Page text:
Retrieve the corresponding public key associated with the token’s signing algorithm. The public key can be obtained from a trusted source, such as a key management system, a certificate authority or a key distribution mechanism.

Verify the Signature.

Use the obtained public key to verify the token’s signature. The process involves the following steps

  • Extract the algorithm and signing key identifier (kid) from the token’s header.
  • Retrieve the public key corresponding to the signing key identifier (kid).
  • Verify the signature using the public key and the algorithm specified in the header.
  • If the signature verification is successful, it indicates that the token has not been tampered with and is authentic.

Code Example for Token Validation

Best Practices for Securely Validating ID Tokens in Go

  • Always use a secure key storage mechanism. Store and manage the private and public keys securely. Avoid hardcoding or exposing the keys in the codebase. Use secure key management systems or encryption mechanisms to protect the keys.
  • Validate the token signature algorithm. Verify that the token’s signature algorithm matches the expected algorithm. Only accept tokens signed with trusted algorithms, such as RSA or ECDSA.
  • Verify the token’s expiration time. Check the token’s expiration time (exp) to ensure it has not expired. Reject tokens that have exceeded their expiration time. You can use the time.Now() function to compare the token’s expiration time with the current time.
  • Validate the token issuer and audience. Check the token’s issuer (iss) and audience (aud) claims, if applicable, to ensure they match the expected values. Reject tokens that are not issued by a trusted issuer or intended for the expected audience.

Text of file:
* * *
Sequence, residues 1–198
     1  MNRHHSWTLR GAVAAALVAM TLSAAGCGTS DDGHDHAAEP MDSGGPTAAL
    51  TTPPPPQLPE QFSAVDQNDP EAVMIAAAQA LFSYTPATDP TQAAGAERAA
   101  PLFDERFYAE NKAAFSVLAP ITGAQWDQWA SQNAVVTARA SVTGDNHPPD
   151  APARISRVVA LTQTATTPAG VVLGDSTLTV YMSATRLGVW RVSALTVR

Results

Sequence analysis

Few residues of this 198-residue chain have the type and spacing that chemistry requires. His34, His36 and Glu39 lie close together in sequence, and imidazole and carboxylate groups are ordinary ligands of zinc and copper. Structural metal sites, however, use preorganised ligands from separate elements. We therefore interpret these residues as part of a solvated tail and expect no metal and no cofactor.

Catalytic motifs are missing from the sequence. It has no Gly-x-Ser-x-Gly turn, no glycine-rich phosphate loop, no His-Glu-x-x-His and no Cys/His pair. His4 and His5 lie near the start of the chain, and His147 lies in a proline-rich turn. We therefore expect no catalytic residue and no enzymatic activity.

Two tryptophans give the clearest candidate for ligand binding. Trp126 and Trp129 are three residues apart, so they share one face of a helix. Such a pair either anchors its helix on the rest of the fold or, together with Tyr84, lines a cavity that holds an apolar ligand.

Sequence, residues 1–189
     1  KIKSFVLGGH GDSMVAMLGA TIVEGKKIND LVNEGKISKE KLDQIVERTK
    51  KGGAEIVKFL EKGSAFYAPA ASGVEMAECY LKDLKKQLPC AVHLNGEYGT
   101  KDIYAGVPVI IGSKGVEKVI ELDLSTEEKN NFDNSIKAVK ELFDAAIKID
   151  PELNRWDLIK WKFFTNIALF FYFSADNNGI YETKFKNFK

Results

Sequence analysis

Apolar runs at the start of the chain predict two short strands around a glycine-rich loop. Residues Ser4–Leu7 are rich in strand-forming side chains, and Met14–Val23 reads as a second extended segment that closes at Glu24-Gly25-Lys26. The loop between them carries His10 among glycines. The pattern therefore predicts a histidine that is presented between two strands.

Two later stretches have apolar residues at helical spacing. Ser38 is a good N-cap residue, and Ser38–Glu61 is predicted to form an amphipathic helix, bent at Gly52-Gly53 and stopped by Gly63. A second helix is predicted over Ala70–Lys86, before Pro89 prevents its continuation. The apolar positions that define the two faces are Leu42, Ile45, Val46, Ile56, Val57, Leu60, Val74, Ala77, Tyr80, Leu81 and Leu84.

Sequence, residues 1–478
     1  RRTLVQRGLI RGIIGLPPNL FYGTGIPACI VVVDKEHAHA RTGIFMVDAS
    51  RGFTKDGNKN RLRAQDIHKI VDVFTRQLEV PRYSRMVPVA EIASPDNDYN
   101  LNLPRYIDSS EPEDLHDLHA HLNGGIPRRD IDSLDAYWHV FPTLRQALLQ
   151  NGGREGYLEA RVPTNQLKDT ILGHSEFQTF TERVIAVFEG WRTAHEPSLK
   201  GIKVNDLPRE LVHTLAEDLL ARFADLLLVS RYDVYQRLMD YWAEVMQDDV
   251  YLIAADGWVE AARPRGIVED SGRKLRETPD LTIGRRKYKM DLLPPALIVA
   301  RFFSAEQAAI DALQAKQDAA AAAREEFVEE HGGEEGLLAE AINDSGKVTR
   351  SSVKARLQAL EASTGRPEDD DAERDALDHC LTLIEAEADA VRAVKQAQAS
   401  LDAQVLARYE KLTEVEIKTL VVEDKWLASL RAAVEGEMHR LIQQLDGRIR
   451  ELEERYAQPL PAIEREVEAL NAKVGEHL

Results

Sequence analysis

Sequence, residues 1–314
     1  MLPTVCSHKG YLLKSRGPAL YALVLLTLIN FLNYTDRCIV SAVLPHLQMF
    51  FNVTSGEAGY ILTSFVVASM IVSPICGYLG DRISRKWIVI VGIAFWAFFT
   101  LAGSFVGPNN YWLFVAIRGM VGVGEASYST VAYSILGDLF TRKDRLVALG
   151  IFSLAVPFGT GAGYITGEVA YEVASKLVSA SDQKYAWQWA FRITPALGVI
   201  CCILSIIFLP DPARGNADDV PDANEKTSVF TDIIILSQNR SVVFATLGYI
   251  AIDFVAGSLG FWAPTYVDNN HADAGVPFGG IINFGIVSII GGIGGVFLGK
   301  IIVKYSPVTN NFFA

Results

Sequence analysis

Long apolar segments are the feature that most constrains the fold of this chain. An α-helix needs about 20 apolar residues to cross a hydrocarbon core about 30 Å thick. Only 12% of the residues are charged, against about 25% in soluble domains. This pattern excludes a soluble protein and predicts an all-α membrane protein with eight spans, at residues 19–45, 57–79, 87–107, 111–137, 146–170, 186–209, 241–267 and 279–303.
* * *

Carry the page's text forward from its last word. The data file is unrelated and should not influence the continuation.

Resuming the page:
• Implement additional custom claim checks. If your tokens contain custom claims, implement additional checks to validate those claims according to your application’s requirements. For example, you can check the user’s role, permissions or any other specific claims relevant to your authorization logic.
  • Handle token revocation. Consider implementing a token revocation mechanism if the framework or system you’re using supports it. This allows you to invalidate tokens in case of compromise, logout, or other scenarios where token revocation is necessary.
  • Apply rate limiting and throttling. Implement rate limiting and request throttling mechanisms to prevent brute-force attacks or excessive token validation requests. This helps protect your token validation endpoint from abuse.
  • Implement logging and monitoring. Log token validation activities and errors for auditing purposes. Monitor token validation performance and errors to identify any potential issues or anomalies.
  • Keep libraries and dependencies up-to-date. Regularly update the jwt-go library and other dependencies to ensure you have the latest security patches and bug fixes.

These code examples and best practices provide a starting point for securely validating decentralized identity tokens in Go. Customize them based on your specific requirements and security considerations, and refer to the jwt-go library documentation for further details and advanced usage.